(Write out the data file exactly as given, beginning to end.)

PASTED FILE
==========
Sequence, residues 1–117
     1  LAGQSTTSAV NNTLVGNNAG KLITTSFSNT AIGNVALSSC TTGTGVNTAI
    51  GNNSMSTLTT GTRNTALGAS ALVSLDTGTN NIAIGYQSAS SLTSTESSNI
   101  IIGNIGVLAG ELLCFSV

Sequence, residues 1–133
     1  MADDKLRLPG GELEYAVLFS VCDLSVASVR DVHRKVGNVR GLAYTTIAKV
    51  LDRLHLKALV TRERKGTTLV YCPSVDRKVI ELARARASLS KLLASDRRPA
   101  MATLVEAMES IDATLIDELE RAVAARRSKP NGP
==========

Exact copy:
Sequence, residues 1–117
     1  LAGQSTTSAV NNTLVGNNAG KLITTSFSNT AIGNVALSSC TTGTGVNTAI
    51  GNNSMSTLTT GTRNTALGAS ALVSLDTGTN NIAIGYQSAS SLTSTESSNI
   101  IIGNIGVLAG ELLCFSV

Sequence, residues 1–133
     1  MADDKLRLPG GELEYAVLFS VCDLSVASVR DVHRKVGNVR GLAYTTIAKV
    51  LDRLHLKALV TRERKGTTLV YCPSVDRKVI ELARARASLS KLLASDRRPA
   101  MATLVEAMES IDATLIDELE RAVAARRSKP NGP